Fastnet Rock lies in the Atlantic Ocean 11.3  km south of mainland Ireland, making it the most southerly point of Ireland. Many notable islands lie off Cork, including Bere, Great Island, Sherkin, and Cape Clear. With an estimated 1,199 km (745 mi) of coastline, Cork is one of three counties which claims to have the longest coastline in Ireland, alongside Mayo and Donegal.[22][23][24] Cork is also one of just three counties to border two bodies of water – the Celtic Sea to the south and the Atlantic Ocean to the west.

Average high sea temperature in County Cork[25][26]
Cork Harbour (Celtic Sea) Jan Feb Mar Apr May Jun Jul Aug Sep Oct Nov Dec Year
Sea Temperature 11.4 °C (52.5 °F) 10.7 °C (51.3 °F) 10.5 °C (50.9 °F) 12.2 °C (54.0 °F) 12.9 °C (55.2 °F) 15.8 °C (60.4 °F) 18.1 °C (64.6 °F) 17.9 °C (64.2 °F) 17.4 °C (63.3 °F) 16.0 °C (60.8 °F) 13.7 °C (56.7 °F) 12.3 °C (54.1 °F) 14.1 °C (57.4 °F)
Bantry (Atlantic Ocean) Jan Feb Mar Apr May Jun Jul Aug Sep Oct Nov Dec Year
Sea Temperature 11.6 °C (52.9 °F) 11.2 °C (52.2 °F) 11.0 °C (51.8 °F) 12.1 °C (53.8 °F) 12.8 °C (55.0 °F) 15.6 °C (60.1 °F) 17.6 °C (63.7 °F) 17.5 °C (63.5 °F) 17.3 °C (63.1 °F) 15.8 °C (60.4 °F) 13.8 °C (56.8 °F) 12.2 °C (54.0 °F) 14.0 °C (57.2 °F)


Main article: History of Cork

The county is colloquially referred to as "The Rebel County", although uniquely Cork does not have an official motto. This name has 15th-century origins, but from the 20th century, the name has been more commonly attributed to the prominent role Cork played in the Irish War of Independence (1919–1921) when it was the scene of considerable fighting. In addition, it was an anti-Treaty stronghold during the Irish Civil War (1922–23). Much of what is now county Cork was once part of the Kingdom of Deas Mumhan (South Munster), anglicised as the "Desmond", ruled by the MacCarthy Mór dynasty. After the Norman invasion in the 12th century, the McCarthy clan were pushed westward into what is now West Cork and County Kerry. Dunlough Castle, standing just north of Mizen Head, is one of the oldest castles in Ireland (AD 1207). The north and east of Cork were taken by the Hiberno-Norman FitzGerald dynasty, who became the Earls of Desmond. Cork City was given an English Royal Charter in 1318 and for many centuries was an outpost for Old English culture. The Fitzgerald Desmond dynasty was destroyed in the Desmond Rebellions of 1569–1573 and 1579–1583. Much of county Cork was devastated in the fighting, particularly in the Second Desmond Rebellion. In the aftermath, much of Cork was colonised by English settlers in the Plantation of Munster. [citation needed]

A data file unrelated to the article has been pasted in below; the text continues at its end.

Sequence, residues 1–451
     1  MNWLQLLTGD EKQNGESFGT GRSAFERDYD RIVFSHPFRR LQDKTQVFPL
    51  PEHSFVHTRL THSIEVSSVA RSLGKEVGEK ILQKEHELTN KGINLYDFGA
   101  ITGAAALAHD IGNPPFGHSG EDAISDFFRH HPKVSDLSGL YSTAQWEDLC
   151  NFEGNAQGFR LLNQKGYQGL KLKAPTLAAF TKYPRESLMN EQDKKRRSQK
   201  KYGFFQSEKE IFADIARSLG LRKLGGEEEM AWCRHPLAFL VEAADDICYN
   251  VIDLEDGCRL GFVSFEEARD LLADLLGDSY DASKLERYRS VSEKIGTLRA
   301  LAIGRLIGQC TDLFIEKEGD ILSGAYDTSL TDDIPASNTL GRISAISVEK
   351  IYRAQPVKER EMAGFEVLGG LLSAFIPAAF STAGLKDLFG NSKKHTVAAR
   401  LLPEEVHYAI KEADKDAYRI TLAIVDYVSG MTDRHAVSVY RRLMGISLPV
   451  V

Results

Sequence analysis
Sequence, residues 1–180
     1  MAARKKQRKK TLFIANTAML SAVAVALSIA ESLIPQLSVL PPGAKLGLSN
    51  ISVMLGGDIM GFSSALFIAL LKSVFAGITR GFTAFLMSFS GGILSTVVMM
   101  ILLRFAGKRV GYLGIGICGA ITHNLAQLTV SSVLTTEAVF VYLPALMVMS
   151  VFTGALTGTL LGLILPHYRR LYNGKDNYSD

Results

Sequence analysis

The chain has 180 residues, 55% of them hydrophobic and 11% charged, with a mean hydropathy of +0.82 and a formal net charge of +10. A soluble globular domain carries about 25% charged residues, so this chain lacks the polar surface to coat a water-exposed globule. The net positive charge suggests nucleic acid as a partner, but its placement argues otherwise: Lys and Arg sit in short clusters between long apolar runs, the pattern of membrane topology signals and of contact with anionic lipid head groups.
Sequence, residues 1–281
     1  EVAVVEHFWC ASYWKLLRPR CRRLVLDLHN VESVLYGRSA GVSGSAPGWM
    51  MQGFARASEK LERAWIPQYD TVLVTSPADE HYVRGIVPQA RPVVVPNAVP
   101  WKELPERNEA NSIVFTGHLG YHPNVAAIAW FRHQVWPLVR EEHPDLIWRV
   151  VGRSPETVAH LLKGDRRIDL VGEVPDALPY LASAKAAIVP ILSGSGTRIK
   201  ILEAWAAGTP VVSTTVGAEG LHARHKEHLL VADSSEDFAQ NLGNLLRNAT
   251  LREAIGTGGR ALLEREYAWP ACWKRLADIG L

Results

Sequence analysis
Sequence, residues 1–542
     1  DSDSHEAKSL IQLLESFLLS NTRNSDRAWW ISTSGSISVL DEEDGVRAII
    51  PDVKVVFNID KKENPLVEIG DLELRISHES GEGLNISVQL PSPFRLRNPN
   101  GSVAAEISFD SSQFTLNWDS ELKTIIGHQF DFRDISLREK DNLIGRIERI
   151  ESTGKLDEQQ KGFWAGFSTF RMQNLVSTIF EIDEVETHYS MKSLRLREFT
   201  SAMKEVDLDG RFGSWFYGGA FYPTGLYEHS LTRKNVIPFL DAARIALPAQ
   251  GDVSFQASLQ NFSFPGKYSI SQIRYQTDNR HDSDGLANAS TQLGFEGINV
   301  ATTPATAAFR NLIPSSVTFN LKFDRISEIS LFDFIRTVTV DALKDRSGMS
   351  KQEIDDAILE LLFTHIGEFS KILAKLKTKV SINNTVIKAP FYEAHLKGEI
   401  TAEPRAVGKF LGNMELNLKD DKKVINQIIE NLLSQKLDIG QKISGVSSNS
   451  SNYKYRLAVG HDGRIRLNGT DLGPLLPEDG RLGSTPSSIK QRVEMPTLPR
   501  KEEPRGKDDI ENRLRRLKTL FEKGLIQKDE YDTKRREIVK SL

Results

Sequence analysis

15th-century drawing of Perkin Warbeck

In 1491 Cork played a part in the English Wars of the Roses when Perkin Warbeck, a pretender to the English throne spread the story that he was really Richard of Shrewsbury (one of the Princes in the Tower), landed in the city and tried to recruit support for a plot to overthrow King Henry VII of England. The Cork people supported Warbeck because he was Flemish and not English; Cork was the only county in Ireland to join the fight. The mayor of Cork and several important citizens went with Warbeck to England, but when the rebellion collapsed they were all captured and executed. Cork's nickname of the 'rebel county' (and Cork city's of the 'rebel city') originates in these events.[28][29]

In 1601 the decisive Battle of Kinsale took place in County Cork, which was to lead to English domination of Ireland for centuries. Kinsale had been the scene of a landing of Spanish troops to help Irish rebels in the Nine Years' War (1594–1603). When this force was defeated, the rebel hopes for victory in the war were all but ended. County Cork was officially created by a division of the older County Desmond in 1606.

In the early 17th century, the townland of Leamcon (near Schull[30]: 41, 68 ) was a pirate stronghold, and pirates traded easily in Baltimore and Whiddy Island.[30]: 54–57 

Michael Collins, photographed in 1919